January 28, 2021
Importance of Software Development
Why is software development so important? On the surface, the answer is relatively simple. Whether you realize it or not, software development now has a direct influence on many aspects of our daily lives.
From the smartphone apps that define modern communications over the internet-connected products enabling seamless shopping experiences to new application models like blockchain, microservices, and the IoT, software development has completely transformed entire industries.
Technology now shapes the entire customer journey. It spans shopping and service. Content is guiding consumers through the purchasing process–moving seamlessly between channels and devices.
It has also redefined the way we work: the cloud, along with improved mobile access, gives us the ability to connect and sync data across multiple systems and users. This combination has enabled remote work.
In this article, we look at the importance of software development in modern society and how the rate of technology change has influenced the way businesses operate and maintain a competitive advantage.
Why is Software Development So Important? Blame it on Customer Experience (CX)
Digital transformation–as a whole–is largely driven by rising consumer demands–from personalization to seamless, omnichannel experiences, hyper-relevant content, and innovative solutions users can’t find anywhere else.
Today, organizations–whether they call themselves a “tech company” or not–are expected to serve up innovative solutions and experiences able to compete with what billion dollar companies like Amazon and Netflix offer to their users.
For better or worse, consumer expectations are modeled after the experiences offered by big companies with ample resources; being competitive is about products and pricing, but also about getting the service level provided by these companies.
Companies (that can afford it) are responding to this challenge by scooping up developers with data science, AI/ML/NLP, and cybersecurity skills, causing a skills shortage and driving salaries well into the six-figures.
Many more are exploring strategic sourcing options. These companies are leaning on piecing together a network of internal staff, freelancers, gig workers, and outsourced teams both nearshore and offshore.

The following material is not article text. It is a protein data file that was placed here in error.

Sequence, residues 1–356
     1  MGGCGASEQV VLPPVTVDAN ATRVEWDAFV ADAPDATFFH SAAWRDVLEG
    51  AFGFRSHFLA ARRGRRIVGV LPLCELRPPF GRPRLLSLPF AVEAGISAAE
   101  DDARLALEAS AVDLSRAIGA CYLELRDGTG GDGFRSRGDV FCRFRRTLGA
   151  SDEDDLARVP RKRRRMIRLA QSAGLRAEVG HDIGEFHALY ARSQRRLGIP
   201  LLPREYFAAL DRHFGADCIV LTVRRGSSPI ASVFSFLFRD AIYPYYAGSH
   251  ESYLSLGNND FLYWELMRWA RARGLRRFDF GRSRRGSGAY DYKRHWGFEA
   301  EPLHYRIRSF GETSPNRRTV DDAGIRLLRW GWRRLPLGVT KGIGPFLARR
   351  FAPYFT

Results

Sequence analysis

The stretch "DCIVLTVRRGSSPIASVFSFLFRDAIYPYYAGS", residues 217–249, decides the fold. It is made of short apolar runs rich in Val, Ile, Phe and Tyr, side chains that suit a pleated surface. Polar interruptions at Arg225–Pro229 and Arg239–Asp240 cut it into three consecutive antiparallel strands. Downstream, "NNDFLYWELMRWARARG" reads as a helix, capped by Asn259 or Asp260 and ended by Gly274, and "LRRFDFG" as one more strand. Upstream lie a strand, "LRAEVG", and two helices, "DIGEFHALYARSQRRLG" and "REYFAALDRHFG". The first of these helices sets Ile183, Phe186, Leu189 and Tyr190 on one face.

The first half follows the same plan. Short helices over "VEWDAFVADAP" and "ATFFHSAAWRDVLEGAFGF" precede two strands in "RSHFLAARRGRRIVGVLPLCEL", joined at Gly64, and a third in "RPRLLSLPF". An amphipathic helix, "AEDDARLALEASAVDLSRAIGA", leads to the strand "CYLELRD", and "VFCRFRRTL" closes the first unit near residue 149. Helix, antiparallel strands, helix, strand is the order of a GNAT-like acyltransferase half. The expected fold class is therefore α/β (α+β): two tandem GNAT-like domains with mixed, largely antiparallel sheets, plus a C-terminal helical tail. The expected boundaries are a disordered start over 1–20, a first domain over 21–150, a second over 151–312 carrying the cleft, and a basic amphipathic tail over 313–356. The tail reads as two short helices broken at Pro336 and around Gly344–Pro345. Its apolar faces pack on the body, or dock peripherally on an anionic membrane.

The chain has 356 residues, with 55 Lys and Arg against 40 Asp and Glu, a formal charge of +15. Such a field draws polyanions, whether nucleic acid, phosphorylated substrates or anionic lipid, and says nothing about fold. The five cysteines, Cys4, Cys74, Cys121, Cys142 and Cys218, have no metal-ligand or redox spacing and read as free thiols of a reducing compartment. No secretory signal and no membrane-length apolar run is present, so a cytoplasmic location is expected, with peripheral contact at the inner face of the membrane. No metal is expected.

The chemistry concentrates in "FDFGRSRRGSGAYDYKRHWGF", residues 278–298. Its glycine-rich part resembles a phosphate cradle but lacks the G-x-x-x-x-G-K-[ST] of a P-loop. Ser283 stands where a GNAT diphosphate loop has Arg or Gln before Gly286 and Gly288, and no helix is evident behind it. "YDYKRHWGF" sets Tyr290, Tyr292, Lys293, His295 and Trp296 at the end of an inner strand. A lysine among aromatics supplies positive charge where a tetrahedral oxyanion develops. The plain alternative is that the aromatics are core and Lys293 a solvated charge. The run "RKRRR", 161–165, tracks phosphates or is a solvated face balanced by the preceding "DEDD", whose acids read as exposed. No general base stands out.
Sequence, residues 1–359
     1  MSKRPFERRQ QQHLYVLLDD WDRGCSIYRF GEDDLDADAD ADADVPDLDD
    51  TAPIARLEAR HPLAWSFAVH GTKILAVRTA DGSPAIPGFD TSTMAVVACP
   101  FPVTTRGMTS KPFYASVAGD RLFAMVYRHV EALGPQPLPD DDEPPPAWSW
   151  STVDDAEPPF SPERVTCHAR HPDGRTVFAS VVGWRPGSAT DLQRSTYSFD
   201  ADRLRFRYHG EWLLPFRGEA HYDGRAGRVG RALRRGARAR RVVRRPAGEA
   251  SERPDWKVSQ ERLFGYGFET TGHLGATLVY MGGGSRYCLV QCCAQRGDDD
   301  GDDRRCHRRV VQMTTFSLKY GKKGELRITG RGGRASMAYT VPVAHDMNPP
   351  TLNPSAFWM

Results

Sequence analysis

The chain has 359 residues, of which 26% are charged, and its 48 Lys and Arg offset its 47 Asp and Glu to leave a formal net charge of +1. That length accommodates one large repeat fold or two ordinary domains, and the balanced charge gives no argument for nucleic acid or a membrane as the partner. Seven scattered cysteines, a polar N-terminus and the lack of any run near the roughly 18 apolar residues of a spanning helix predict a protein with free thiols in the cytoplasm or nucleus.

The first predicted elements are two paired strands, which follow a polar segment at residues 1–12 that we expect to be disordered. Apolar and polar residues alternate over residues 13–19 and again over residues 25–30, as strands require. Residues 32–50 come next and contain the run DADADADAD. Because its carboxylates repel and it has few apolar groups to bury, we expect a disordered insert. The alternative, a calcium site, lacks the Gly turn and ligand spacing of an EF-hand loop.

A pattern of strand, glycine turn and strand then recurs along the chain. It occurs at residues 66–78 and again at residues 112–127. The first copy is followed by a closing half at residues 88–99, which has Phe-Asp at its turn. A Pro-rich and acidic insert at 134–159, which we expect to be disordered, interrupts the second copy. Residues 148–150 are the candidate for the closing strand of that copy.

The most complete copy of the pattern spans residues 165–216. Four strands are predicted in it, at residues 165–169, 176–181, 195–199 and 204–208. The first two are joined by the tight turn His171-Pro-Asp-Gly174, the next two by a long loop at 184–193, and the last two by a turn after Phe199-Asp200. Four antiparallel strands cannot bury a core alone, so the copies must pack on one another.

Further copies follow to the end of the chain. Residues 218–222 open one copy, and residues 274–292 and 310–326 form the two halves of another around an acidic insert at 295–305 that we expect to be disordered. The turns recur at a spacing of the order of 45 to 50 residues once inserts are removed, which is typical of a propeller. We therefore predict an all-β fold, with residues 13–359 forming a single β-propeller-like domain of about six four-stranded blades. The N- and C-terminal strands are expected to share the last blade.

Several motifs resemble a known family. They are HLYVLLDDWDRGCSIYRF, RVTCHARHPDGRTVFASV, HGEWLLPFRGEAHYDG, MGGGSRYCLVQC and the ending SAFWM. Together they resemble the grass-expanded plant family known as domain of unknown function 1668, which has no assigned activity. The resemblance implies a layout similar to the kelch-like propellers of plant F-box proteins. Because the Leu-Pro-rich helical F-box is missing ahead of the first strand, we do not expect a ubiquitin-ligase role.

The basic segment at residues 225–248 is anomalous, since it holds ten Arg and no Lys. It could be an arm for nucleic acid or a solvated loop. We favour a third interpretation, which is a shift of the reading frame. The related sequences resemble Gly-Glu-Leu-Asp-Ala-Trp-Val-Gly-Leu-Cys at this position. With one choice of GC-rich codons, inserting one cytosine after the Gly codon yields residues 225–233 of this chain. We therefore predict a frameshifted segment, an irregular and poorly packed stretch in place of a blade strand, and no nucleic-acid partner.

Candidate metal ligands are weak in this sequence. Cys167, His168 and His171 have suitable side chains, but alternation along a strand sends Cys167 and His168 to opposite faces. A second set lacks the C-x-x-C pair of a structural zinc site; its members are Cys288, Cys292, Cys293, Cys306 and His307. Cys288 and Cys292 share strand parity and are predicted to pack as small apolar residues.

Perhaps the best way to answer the question, “why is software development so important” is that it’s essential for a company’s survival.
The current pandemic situation underlines the significant impact of software on society. When shutdowns began in March of 2020, many companies weren’t prepared for an all-digital marketplace and suffered major financial losses as a result.
Beyond the monetary impact, the rapid migration to remote work has led to an increased demand for software development services, with companies investing heavily in new digital solutions to replace traditional channels.
Ultimately, CX is the main driver for developer demand. Other trends, which we’ll get to in a moment, simply enable customer-centricity–whether that means eliminating friction at checkout, gaining a better understanding of evolving consumer needs, or bringing innovative solutions to market faster than competitors.
Much of Software Development’s Importance Stems from a Need to Manage Big Data
According to 3Pillar’s Jaime Salame, the software development landscape “has grown exponentially, expanding into markets and use cases I never could have imagined.”
He notes that it wasn’t long ago that moving everything to the cloud, staying connected via mobile apps, and gathering valuable intel via self-serve data analytics platforms wasn’t realistic for many companies.
For example, if you look at the data analytics space, companies had to hire a business intelligence team to make sense of internal and external data sets, and workers often relied on analysts, data scientists, and IT staff to build and run reports.
Later, when AI-driven data analysis emerged on the scene, it was only available at the enterprise level. Today, self-serve analytics tools are widely available. And due to the massive influx of data from social feeds, streaming services, and IoT adoption, have become a prerequisite for doing business.
Brands now rely on increasingly granular insights, sourced from a diverse range of datasets that contain both structured and unstructured data in a variety of formats.
For example, organizations analyze intent data, conversational insights, sentiment analysis, behavioral analytics, and engagement data. The data sets are used to understand the customer. Conversely, industry insights sourced from competitive intelligence tools, newsfeeds, and social conversations are used to understand market conditions.